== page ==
“A long sleep.”
“It’s when you win at cards.”
These are some of the answers Soviet children gave when asked to define the word “slum” in a survey conducted by the Komsomolskaya Pravda newspaper in the mid-1960s. Their responses were later translated into English and printed under the title “Out of the Mouths of Babes” in the February 1965 issue of Soviet Life, a magazine published in the United States by the Embassy of the Soviet Union as part of a reciprocal agreement with the U.S. government from 1956 to 1991. Soviet Life’s mission was to educate Americans about life in the U.S.S.R: the February 1965 issue included features on Soviet public health services, traditional folk costumes from different regions of Russia, and Sergei Bondarchuk’s War and Peace. It hoped to clear up “misperceptions” American readers might have about the communist system, and its letters from the editors extolled the virtues of peace and coexistence—while remaining firm in their belief in the superiority of their own model.
Set alongside a “Children’s Corner” advertising a picture-drawing competition, “Out of the Mouths of Babes” appears at first to be a simple, humorous human-interest story. The survey it describes was conducted among 1,000 third-graders from two separate locations within the Soviet Union: the city of Komsomolsk-on-Amur in the Russian Far East, and the rural Komsomol District in the Ivanovo region. It asked the children to define fifty different words—specifically, those that “seem to be dropping out of usage” in the new generation.
The answers that appear in Soviet Life are funny and touchingly human. Asked to define a “bureaucrat,” Valya Bekesheva replies: “A kid beat me up in school, and Mom called him a bureaucrat.” Describing a “toady,” Kolya Kurochkin explains: “A magician. He moves from city to city and does tricks and makes a lot of money. That’s not nice. They live mainly in Paris.” Meanwhile, under “quack,” Olya Pavlenko says: “A medicine man. Says he knows everything, but doesn’t know anything—like Kolya Kurochkin.”
Yet, on reading the adult commentary published alongside the children’s answers, it becomes clear that there’s a purpose for their inclusion beyond simple interest and entertainment. Lev Kassil, writing the introduction, explains that the responses are “not only an indication of the freshness of a child’s mental perception, [but] a sign of the great social changes that have taken place in the U.S.S.R.” These are, after all, supposed to be words falling out of usage in the Soviet Union in the 1960s, and the specific words chosen reflect ideas about the progress of socialism and hope for the Soviet future.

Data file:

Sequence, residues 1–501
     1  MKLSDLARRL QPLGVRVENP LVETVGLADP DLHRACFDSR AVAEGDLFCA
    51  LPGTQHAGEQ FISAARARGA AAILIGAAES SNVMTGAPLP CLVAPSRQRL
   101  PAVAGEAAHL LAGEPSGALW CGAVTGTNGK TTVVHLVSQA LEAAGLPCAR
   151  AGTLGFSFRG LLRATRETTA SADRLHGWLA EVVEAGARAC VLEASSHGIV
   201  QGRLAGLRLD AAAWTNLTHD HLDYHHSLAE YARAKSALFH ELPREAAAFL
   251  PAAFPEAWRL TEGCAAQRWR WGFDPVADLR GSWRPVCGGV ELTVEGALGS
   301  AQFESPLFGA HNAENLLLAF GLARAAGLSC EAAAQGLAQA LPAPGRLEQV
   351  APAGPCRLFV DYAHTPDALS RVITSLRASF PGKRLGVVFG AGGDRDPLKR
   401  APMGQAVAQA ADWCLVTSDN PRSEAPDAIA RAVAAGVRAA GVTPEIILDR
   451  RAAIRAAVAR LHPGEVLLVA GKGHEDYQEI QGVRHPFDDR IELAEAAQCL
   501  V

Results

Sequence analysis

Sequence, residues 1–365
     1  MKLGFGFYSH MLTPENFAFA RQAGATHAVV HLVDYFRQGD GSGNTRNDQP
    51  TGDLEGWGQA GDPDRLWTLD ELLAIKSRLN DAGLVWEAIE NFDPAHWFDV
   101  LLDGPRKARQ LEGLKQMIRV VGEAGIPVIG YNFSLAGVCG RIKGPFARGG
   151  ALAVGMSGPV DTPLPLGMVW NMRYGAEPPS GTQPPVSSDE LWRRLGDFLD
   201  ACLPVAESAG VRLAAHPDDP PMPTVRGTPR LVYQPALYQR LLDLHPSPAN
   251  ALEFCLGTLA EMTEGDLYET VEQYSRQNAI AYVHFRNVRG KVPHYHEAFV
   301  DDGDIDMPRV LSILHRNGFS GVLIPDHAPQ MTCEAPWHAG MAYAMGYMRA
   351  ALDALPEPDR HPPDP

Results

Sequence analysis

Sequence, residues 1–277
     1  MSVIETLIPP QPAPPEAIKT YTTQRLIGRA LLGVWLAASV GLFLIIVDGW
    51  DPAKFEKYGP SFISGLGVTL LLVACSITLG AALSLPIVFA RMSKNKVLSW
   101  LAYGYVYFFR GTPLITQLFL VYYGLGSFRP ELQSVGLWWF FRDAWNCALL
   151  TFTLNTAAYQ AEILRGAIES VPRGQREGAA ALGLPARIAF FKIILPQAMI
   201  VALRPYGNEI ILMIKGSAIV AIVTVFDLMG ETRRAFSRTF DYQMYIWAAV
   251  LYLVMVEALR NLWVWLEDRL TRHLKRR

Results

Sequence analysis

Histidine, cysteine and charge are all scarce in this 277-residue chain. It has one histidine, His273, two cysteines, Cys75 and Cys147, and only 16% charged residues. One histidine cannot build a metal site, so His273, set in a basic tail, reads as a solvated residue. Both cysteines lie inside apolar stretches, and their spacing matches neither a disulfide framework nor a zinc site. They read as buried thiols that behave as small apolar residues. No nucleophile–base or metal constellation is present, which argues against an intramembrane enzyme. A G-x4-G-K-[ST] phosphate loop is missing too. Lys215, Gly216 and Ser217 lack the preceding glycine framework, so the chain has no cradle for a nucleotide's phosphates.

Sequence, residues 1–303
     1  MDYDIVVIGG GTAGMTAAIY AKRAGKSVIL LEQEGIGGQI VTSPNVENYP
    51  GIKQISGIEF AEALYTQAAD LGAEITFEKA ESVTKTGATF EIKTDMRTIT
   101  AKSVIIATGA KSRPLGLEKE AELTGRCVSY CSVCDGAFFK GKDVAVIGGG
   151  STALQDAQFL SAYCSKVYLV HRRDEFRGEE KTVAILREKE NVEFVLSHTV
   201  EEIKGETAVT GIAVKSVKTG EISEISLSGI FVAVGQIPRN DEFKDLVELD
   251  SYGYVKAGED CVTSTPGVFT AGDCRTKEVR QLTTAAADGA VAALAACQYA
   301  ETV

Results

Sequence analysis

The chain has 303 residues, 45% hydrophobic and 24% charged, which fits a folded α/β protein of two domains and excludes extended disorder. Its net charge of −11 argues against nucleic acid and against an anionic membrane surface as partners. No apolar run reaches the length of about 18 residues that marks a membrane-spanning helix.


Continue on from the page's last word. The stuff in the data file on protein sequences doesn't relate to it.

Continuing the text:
In the feature itself, the words children are asked to define describe poverty (slum, hobo), exploitation (miser, quack, bigot, toady), or even simple capitalism (bazaar, hawker, pawnbroker). Some of them do manage to approximate accurate definitions. Nadya Malegina knows that a bazaar is “A sort of market,” and Vova Malinin identifies a pawnbroker as “ A man who sells old things.” But because most of the answers are charmingly inaccurate, the piece sends a clear message: Soviet children are unfamiliar with the language of oppression and social blight. The implication, which is drawn explicitly in the article’s copy, is that Vova Shumilov of Komsomol District can describe a “hoarder” as “a member of a tribe” because hoarding wealth does not exist in the contemporary Soviet Union—and neither do slums, misers, or quacks.
The authors’ commentary goes even further. Komsomolskaya Pravda writers Tamara Gromova and Galina Ronina explain that, for Soviet children of 1965, the word “kulak” does not invoke memories of “the harsh class struggle waged in the Soviet countryside during the period of collectivization.” Instead, it’s reverted to its original meaning of “fist.” Other words the nine- and ten-year-old participants could not define included “mealy-mouthed,” “hanger-on,” and “troublemaker. Gromova and Ronina do, however, concede that the majority of the children displayed a thorough understanding of the term “black-marketeer.”
The children’s answers, the adults’ explanations, and their inclusion in the pages of Soviet Life all indicate the kind of image the magazine sought to project for its American readers. “Out of the Mouths of Babes” indirectly describes a Soviet Union of equality, prosperity, and progress, where greed and poverty are nonexistent to the point that the children of the 1960s don’t even know what they are. This has implications for the prosperity of the Soviet Union, the stability and support of its government, and the superiority of its economic and social arrangements. In translating this piece and presenting it to an English-speaking audience, the editors of Soviet Life were pursuing a dual purpose: to humanize the Soviet Union, and to broadcast its achievements to the world.